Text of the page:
Record Heat, Cold, and Rolling Blackouts – Easily the biggest story of the year for electricity in Texas was the weather. Texans are used to sweltering summers, but not nearly to the level of what we saw in 2011. Records indicate it was the hottest summer in Texas since the 1700′s, primarily because of the record drought and lack of rainfall that worked to cause a 40 day consecutive streak of greater than 100 degree temperatures in Dallas, many of which were closer to 110 than 100. Electricity bills soared for customers on variable and indexed plans, and the threat of rolling blackouts seemed to hang over the entire month of August because electricity supply barely met demand. And it wasn’t just the summer. A particularly violent cold spell hit Texas in the winter and caused several power plants that weren’t properly cold-weather fortified to fail…which in turned caused rolling blackouts. And again, because supply didn’t meet demand, many customers had some big bills. All in all, the weather was was almost certainly the biggest story of 2011.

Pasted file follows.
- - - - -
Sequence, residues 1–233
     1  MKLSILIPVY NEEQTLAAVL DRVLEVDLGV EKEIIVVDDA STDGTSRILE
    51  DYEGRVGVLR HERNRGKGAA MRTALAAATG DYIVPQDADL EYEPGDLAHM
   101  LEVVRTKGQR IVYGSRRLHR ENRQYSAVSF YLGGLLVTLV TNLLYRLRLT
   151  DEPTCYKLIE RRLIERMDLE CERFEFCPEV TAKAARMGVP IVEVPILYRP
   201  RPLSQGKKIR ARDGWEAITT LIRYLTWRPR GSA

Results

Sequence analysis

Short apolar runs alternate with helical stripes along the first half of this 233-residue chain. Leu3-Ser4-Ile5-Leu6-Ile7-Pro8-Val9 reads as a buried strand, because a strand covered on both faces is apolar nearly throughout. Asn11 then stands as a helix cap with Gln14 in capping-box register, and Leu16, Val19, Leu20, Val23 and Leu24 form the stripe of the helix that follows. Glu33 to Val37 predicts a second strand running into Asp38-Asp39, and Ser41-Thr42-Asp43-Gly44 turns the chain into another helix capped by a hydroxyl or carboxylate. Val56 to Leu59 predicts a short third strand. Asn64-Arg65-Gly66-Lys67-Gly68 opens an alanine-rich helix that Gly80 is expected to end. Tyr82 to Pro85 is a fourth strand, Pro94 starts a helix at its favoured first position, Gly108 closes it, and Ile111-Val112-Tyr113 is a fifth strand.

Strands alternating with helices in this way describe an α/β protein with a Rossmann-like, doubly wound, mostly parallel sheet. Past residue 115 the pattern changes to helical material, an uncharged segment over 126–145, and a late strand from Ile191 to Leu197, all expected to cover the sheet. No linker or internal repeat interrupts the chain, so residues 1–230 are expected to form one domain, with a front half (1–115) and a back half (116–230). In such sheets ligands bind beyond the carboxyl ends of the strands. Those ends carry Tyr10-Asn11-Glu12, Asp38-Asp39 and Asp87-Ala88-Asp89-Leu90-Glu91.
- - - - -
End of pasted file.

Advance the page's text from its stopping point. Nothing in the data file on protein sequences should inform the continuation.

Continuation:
EPA Cross Pollution Rules – The Cross State Pollution rules that the EPA implemented have probably been the most talked about subject in the news that relates to Texas electricity. There have probably been at least 1-2 new stories every week on the rules and the whole situation became a complete political tug of war almost immediately. The rules are forcing many states to shut down certain coal-burning power plants that don’t meet new EPA standards. It is a concern in Texas because after the threat of rolling blackouts last summer, if the EPA changes take effect there will be even less power plants online in the summer of 2012 and the state barely skated by without rolling blackouts in 2011. Another hot 2012 summer and Texans could be in big trouble.